While I don’t generally agree with many of the statements made by Joan Erb on behalf of the Cariboo Chilcotin Teachers’ Association — I will concede that people are getting a little wound up about the BCTF asking for a 20 per cent wage increase.
Like any negotiation, you can always amend your offer but you can’t go up once you drop that initial gauntlet. It’s simply a starting point … although asking for a 20 per cent wage increase at a time when so many taxpayers are struggling just to keep their boats afloat seems somewhat arrogant.
On the other hand, people need to act in their own best interest, however it looks to the rest of us.
What I do take serious offence to is the BCTF and the CCTA telling us that, in phase one of job action, teachers will continue to “volunteer” for extra-curricular activities. I have never understood how these “volunteer” activities get to be a political football — or in my case, a rugby ball, every time teacher-wage negotiations come along. Along with many other non-teachers in our community, I have spent many years (10 of them, in fact) volunteering to coach a school team for exactly the same amount of compensation that a teacher gets … nothing. Well, that’s not exactly true … you do get the incredible sense of satisfaction that comes from contributing positively to the life of some young people, and winning a few titles and having your players go on to play for B.C. and Canada and, and, and … let’s just say it’s pretty rewarding and those who do it, regardless of their employer, know what I mean. The key word is “volunteer.” No one is holding a gun to anyone’s head forcing them to coach or organize extra-curricular activities. It’s not part of the collective agreement or the prescribed curriculum — hence the name — and shouldn’t even be mentioned as part of the negotiations. Those members of the CCTA who choose to volunteer their time do so out of the goodness of their heart and hopefully out of a sense of community.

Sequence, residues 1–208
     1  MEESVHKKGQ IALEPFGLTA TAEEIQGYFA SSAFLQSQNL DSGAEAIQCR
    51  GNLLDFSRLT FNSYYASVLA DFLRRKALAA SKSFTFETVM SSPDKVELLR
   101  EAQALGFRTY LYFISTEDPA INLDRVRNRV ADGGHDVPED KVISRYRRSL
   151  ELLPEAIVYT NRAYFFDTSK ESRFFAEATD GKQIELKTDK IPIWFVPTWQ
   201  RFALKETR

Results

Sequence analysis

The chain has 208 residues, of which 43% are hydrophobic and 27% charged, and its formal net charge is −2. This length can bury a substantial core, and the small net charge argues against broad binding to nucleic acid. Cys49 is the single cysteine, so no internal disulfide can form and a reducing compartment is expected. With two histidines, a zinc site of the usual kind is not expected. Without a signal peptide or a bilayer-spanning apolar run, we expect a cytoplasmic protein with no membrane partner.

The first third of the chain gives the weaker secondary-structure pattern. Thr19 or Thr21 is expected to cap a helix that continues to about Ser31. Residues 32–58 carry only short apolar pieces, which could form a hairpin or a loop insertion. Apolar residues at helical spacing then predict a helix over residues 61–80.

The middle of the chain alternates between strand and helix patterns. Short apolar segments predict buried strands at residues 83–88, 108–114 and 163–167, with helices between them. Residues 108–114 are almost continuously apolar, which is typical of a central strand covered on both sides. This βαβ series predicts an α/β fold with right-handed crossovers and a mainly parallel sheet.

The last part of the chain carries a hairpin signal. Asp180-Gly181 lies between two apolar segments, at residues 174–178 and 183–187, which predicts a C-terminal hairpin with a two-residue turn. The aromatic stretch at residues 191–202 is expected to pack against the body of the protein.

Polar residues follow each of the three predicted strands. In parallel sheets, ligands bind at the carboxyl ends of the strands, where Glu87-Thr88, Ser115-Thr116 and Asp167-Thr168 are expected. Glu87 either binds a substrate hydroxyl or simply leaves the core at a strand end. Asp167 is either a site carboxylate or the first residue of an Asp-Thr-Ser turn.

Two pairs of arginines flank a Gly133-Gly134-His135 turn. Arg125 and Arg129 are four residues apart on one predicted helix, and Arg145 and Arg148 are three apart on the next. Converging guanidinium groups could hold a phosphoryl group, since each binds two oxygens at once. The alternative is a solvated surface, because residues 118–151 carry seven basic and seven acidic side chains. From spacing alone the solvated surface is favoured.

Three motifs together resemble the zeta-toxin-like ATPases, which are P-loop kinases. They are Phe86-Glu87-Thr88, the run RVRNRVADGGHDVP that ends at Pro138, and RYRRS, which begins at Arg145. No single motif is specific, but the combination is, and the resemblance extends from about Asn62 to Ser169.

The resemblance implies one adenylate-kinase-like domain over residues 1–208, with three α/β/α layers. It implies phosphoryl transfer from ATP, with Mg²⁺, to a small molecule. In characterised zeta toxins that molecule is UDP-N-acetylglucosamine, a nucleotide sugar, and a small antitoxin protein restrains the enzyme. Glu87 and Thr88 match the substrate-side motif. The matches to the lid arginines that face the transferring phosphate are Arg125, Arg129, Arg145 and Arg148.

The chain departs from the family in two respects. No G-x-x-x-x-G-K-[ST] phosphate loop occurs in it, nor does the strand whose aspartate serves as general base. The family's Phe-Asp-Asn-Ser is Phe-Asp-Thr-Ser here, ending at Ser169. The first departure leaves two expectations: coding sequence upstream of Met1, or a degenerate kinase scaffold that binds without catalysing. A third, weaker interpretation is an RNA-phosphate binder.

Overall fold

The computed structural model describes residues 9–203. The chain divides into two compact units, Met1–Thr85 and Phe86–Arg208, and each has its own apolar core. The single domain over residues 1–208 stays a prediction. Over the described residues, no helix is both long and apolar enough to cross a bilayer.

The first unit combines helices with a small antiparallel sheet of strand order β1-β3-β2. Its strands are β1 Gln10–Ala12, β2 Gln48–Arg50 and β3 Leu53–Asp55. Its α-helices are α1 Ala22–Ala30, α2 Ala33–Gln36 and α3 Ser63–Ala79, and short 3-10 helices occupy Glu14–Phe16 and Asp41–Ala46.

I hate to see the union cheapening these volunteer contributions by holding them up as part of a potential strike action. Say whatever they want, a statement like that is all about applying political pressure … it’s never about “the kids.”
Dean Fulton is a freelance columnist for the Tribune and a local musician.